Canadian-American-Mexican (CAM) Graduate Student Physics Conference

Conference Date: 
Vendredi, Août 16, 2013 (All day)
Pirsa Collection: 

The CAM Conference is a joint meeting of the Canadian, American and Mexican Physical Societies which is held every second year, cycling between locations in Mexico, the United States, and Canada, with Canada hosting the CAM conference every sixth year.

The conference focuses on the research done by graduate students. Plenary contributions from established scientists will also give the student participants exposure to ongoing research in diverse sub-fields. Students share the results of their research with senior scientists and international peers in their own field, as well as with those focused on other disciplines within physics. The aim of the CAM Conference is to provide an outstanding opportunity for students to develop professional skills, learn a broad range of physics topics, and initiate interactions across geographical borders. Furthermore, it will foster communication and exchange of ideas among students of various backgrounds and interests.

CAM2013

This conference will be hosted by the University of Waterloo from August 15th-18th, 2013.
It will be held across two locations:  Friday, August 16th will be held at Perimeter Institute and the balance of the conference will be held at the University of Waterloo.

More information may be found at CAM2013

Friday August 16, 2013

Time

Event

Location

8:45am

Arrival at Perimeter Institute

 

9:00 – 9:30am

Welcoming Remarks

Theater

9:30 – 10:10am

Jaime Urrutia Fucugauchi,
Universidad Nacional Autonoma de Mexico
Impact cratering and the evolution of planetary surfaces in the solar system – The Chicxulub Impact

Theater

10:10 – 10:50am

Wayne Hocking,
University of Western Ontario
The Impact of the Atmosphere on Space-Bound Vehicles

Theater

10:50 – 11:15am

Coffee Break

Bistro

11:15 – 12:30pm

Parallel Sessions

 

11:15 – 12:30pm

A.      Space Physics

Alice Room

11:15 – 12:30pm

B.      Condensed Matter

Bob Room

11:15 – 12:30pm

C.      High Energy Particle Physics

Space Room

12:30 – 2:00pm

Lunch

Bistro

2:00 – 3:30pm

Parallel Sessions

 

2:00 – 3:30pm

A.      Medical and Biological Physics I

Alice Room

2:00 – 3:30pm

B.      Condensed Matter II

Bob Room

2:00 – 3:30pm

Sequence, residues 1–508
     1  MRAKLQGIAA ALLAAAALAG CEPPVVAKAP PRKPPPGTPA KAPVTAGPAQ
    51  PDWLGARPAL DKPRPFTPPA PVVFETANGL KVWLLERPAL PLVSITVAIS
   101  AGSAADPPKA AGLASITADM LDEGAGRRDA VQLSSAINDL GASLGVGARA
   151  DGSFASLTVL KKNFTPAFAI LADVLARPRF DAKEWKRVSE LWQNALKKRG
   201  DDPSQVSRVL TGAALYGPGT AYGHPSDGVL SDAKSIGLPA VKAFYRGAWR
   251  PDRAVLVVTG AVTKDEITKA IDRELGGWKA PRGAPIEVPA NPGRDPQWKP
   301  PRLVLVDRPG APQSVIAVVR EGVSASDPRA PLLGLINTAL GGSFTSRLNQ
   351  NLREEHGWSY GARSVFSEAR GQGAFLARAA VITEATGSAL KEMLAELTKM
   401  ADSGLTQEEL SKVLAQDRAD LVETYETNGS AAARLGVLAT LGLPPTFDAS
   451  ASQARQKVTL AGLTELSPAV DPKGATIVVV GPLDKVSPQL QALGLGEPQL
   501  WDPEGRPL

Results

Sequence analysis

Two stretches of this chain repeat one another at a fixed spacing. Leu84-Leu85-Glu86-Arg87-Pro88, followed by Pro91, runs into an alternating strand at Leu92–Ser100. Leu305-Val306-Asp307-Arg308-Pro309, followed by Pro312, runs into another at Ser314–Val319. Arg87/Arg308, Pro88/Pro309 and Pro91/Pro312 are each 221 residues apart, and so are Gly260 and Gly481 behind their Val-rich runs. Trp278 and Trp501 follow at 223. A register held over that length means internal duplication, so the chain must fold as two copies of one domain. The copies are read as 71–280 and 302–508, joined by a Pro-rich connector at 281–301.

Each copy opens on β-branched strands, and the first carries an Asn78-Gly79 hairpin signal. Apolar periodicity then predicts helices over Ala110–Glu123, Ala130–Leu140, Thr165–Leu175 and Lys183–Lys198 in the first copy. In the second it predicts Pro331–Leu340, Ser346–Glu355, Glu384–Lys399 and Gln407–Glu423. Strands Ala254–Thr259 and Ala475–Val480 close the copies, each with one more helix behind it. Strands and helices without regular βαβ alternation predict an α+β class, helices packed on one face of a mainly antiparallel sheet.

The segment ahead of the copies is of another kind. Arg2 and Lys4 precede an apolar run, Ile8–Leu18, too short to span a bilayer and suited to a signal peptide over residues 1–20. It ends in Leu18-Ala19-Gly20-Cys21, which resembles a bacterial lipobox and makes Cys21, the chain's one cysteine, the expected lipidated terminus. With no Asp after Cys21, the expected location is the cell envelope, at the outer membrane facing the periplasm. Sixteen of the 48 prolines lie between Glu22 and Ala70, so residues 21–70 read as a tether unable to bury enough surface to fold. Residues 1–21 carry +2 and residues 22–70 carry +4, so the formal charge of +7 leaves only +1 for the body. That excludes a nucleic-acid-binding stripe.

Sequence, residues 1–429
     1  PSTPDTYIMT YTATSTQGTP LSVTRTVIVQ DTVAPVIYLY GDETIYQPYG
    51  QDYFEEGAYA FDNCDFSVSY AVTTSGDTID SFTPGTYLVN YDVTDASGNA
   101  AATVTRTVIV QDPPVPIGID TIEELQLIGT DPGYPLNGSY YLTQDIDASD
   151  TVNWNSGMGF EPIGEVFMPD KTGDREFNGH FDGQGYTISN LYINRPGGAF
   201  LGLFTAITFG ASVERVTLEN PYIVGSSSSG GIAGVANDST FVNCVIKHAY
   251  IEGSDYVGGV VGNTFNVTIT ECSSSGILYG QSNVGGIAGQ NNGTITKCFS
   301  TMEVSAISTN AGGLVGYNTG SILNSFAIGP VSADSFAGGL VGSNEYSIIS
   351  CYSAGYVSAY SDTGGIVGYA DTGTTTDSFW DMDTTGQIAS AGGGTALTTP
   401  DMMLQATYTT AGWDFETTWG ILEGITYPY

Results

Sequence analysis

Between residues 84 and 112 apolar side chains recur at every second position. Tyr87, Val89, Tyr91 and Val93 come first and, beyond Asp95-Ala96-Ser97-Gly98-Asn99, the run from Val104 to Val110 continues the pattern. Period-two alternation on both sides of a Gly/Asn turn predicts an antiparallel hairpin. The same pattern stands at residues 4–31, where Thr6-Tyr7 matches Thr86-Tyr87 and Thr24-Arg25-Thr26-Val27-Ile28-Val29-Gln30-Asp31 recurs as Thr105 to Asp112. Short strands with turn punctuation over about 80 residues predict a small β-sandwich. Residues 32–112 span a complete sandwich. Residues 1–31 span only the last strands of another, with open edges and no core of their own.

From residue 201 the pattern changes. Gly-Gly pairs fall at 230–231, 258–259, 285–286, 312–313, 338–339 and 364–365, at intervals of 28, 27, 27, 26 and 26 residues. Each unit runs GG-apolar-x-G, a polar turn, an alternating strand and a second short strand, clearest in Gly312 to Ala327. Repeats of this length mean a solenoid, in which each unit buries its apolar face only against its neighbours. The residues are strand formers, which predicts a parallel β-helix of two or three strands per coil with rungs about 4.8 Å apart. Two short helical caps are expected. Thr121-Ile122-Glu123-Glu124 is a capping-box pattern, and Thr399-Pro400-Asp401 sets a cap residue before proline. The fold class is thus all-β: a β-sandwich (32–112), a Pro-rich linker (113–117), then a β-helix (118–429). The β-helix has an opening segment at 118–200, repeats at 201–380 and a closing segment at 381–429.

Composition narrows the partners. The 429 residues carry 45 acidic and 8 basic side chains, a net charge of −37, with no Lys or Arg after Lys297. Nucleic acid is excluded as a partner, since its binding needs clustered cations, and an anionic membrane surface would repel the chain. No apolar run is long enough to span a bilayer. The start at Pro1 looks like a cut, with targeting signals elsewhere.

C.      Particle and Astrophysics

Space Room

3:30 – 3:45pm

Coffee Break

Bistro

3:45 – 4:25pm

Wesley Campbell,
UCLA, Department of Physics and Astronomy
Atomic Physics in the Era of Control:
What every physicist should know about the
2012 Physics Nobel Prize

Theater

4:25 – 5:05pm

Fernanco Mendoza-Santoyo,
Dentro de Investigaciones en Optica
3D Digital Holographic Interferometry:
Applications in Biomedicine

Theater

5:05 – 6:05pm

Panel Discussion:
Physics in Times of Austerity
John Dutcher, University of Guelph
Marc Garneau, MP – Westmount-Ville Marie
Kate Kirby, American Physical Society
Fernando Mendoza-Santoyo, Centro de Investigaciones de Optica

Theater

6:15 – 9:15pm

Banquet

Bistro

9:15pm

Shuttle from Perimeter Institute to Ron Eydt Village

 

 

 

 

Vendredi aoû 16, 2013
Speaker(s): 

Digital Holographic Interferometry (DHI) plays an important role in the
evaluation of object static and dynamic displacements. The state of the art
research on this technique is such that it is being used to solve problems in a
wide variety of disciplines, from basic Physics to engineering and even social
sciences. This invited plenary talk will deal with specific applications in some
biomedical objects, even showing preliminary results using Electron Holography.

Collection/Series: 

 

Vendredi aoû 16, 2013
Speaker(s): 

To say that atomic, molecular, and optical (AMO) physics underwent a revival in
the 80s and 90s is to acknowledge that it was in need of reviving. Prior to this
rebirth, high-quality research was being done in many labs, but it was primarily
passive with respect to atomic motion. The demonstration of laser cooling in
1978 ushered in a new era where the full quantum states (internal and external)
of atoms would be precisely controlled in the following decades. This control

Collection/Series: 

 

Vendredi aoû 16, 2013
Speaker(s): 

When rockets and space-bound vehicles are fired into space, they have to deal
with turbulence, winds and waves in the Earth's atmosphere. Different height
regimes cause different problems. In the lower regions (0 to 20 km altitude),
winds and turbulence are major issues, whereas above 50 km altitude, large
atmospheric waves have serious importance on safe passage. Similar issues arise
on re-entry. In this talk, I will discuss the ways in which these atmospheric
phenomena manifest themselves, and how they are best mitigated. One example of

Collection/Series: 

 

Vendredi aoû 16, 2013
Speaker(s): 

Impacts of asteroid and comets constitute major geologic processes shaping the
surfaces and evolution of planetary bodies. Impacts produce deep transient
cavities, with excavation to deep crustal levels, fragmentation, and removal of
large rock volumes. Formation of complex craters involves high pressures and
temperatures resulting in intense deformation, fracturing and melting. Here, we
analyze the crater-forming impacts and their effects on the Earth´s climate,
environment and life-support systems, in relation to the Cretaceous/Paleogene

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